Palace insiders think Meghan is radicalising Harry and 'stirring the pot'

·Royal Correspondent
·5-min read

Watch: Duke and Duchess of Sussex's secret supermarket meeting

People working in Buckingham Palace appear to continue to blame Meghan Markle for Prince Harry's increasingly outspoken comments that have soured his relationship with other members of the royal family, according to a royal commentator.

Jonny Dymond, BBC royal correspondent said that he had heard Harry was happier in his role as a working royal before he met his now wife Meghan.

His comments came after Harry spoke about wanting to leave his senior royal role during his 20s in a podcast with actor Dax Shepard.

Harry said: "It was a case of 'I don't want to be here, I don't want to do this job, look what it did to my mum – how am I ever going to settle down and have a family when I know that it's going to happen again? I've seen behind the curtain, I know the business model, I know how this works. I don't want to be part of this'."

Dymond told BBC Radio 4: "It's been put to me by people in different quarters that this is largely as a result of Meghan, that he was happier in his role before Meghan.

"But he himself says in this podcast she was part of the process of him understanding there was a different way and a different place for him to be, he's pretty open about that.

"The way some people in the palace see it, she stirs the pot for her own motives and radicalises Harry."

Dymond later said he had no feelings himself on the matter.

JOHANNESBURG, SOUTH AFRICA - OCTOBER 02: Prince Harry, Duke of Sussex and Meghan, Duchess of Sussex attend a Creative Industries and Business Reception on October 02, 2019 in Johannesburg, South Africa.   (Photo by Chris Jackson/Getty Images)
Harry and Meghan in South Africa in October 2019, their last royal tour. (Getty Images)

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Harry described life inside the Royal Family as a cross between The Truman Show and being in a zoo, which Dymond said "will not be something that is happily received by Buckingham Palace or any of the palaces".

Dymond's comments may reflect the breakdown in the relationship between Harry and Meghan and the palace.

However, the Duke of Sussex, 36, was discussing wanting to live a more normal life before he met Meghan, and has previously talked about enjoying his time in the army because he was not treated like a prince.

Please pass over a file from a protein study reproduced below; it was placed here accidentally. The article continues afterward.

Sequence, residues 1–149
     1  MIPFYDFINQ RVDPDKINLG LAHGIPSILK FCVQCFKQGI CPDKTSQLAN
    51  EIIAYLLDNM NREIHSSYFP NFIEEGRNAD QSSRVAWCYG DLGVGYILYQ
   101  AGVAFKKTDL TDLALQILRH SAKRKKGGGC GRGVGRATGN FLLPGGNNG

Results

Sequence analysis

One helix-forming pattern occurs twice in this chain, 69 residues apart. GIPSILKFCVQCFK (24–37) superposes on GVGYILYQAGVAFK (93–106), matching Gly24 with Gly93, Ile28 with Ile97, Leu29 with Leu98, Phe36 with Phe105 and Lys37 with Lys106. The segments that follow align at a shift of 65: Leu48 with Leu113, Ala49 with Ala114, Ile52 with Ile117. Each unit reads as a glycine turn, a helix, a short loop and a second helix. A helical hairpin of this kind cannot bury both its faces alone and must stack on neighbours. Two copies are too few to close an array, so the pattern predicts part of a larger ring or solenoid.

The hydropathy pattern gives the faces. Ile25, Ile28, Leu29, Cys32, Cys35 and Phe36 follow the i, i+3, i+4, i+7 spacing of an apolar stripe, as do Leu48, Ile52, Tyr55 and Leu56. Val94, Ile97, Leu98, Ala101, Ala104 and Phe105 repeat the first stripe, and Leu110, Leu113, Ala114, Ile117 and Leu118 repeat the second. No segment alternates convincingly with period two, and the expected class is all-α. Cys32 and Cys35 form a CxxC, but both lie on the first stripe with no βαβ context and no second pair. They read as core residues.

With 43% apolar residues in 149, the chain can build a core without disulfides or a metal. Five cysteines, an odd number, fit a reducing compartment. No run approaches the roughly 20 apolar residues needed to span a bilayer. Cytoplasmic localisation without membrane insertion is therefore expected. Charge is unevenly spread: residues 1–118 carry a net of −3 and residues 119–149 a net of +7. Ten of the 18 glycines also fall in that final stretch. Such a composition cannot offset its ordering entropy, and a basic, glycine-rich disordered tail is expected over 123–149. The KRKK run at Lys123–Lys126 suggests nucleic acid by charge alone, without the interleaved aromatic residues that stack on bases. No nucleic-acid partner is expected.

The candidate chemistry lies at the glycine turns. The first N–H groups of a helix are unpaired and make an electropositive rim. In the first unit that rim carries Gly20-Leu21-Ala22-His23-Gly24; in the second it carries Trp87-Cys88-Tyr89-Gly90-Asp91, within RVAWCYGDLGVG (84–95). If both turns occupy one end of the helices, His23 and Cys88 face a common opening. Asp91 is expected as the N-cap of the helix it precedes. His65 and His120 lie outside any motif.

He talked about enjoying being on patrol bases, saying: "It's as normal as it's going to get. I'm one of the guys. I don't get treated any differently." 

He told the Mail On Sunday in 2017: "There was a time I felt I wanted out.

"But then I decided to stay in and work out a role for myself."

Watch: Ben Shephard criticises new parent Harry's attack on his dad Charles

In that same interview, he said Meghan "absolutely did not" advise him on any of his mental health issues.

However speaking to Shepard, the duke suggested it was Meghan who had prompted his decision to have therapy.

In the past he has said his brother, Prince William, encouraged him to seek counselling.

Dymond's revelation about the palace perception of the couple comes after Meghan spoke about being unable to get help for her mental health difficulties when she was pregnant with their son Archie, who turned two earlier this month.

In the explosive interview with Oprah Winfrey, Meghan said she was told she could not have any help when she was suffering suicidal thoughts, recalling being told she was "not a paid member" 

The duchess, 39, told Winfrey: "I remember this conversation like it was yesterday, because they said, ‘My heart goes out to you because I see how bad it is, but there’s nothing we can do to protect you because you’re not a paid employee of the institution.’ This wasn’t a choice. This was emails and begging for help, saying very specifically, ‘I am concerned for my mental welfare.'

"And people were like, ‘Oh yes, yes, it’s disproportionately terrible what we see out there to anyone else,' but nothing was ever done. So we had to find a solution."

Britain's Prince Harry mans a 50 calibre machine gun on the observation post at JTAC Hill, close to FOB Delhi (forward operating base), in Helmand province, southern Afghanistan January 2, 2008. The government is reviewing Prince Harry's presence in Afghanistan, where he has been deployed with the army for 2-1/2 months, following leaks in the international media that he was deployed there, the Defence Ministry said on February 28, 2008.  Photograph taken January 2, 2008.     REUTERS/John Stillwell/Pool   (AFGHANISTAN)
Prince Harry manning a 50 calibre machine gun on the observation post during his time in Afghanistan in 2008. He's previously said he enjoyed his time in the army. (Reuters)

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Harry also told Shepard: "I moved my whole family to the US, that wasn’t the plan but sometimes you’ve got make decisions and put your family first and put your mental health first."

The palace's human resources team is also conducting an investigation after allegations of bullying were made against the duchess before the interview aired.

According to The Times, concerns the duchess was "able to bully two PAs out of the household" were raised by Jason Knauf, then a communications secretary within Kensington Palace, but were not taken forward.

They re-emerged before the airing of the interview, and the duchess said she was saddened by the attack on her character, denying any wrongdoing.

A statement from Buckingham Palace said staff would be invited to raise any concerns and an investigation would take place. However results of the probe may not be known for some time, as they will be released via the annual Sovereign Grant report.

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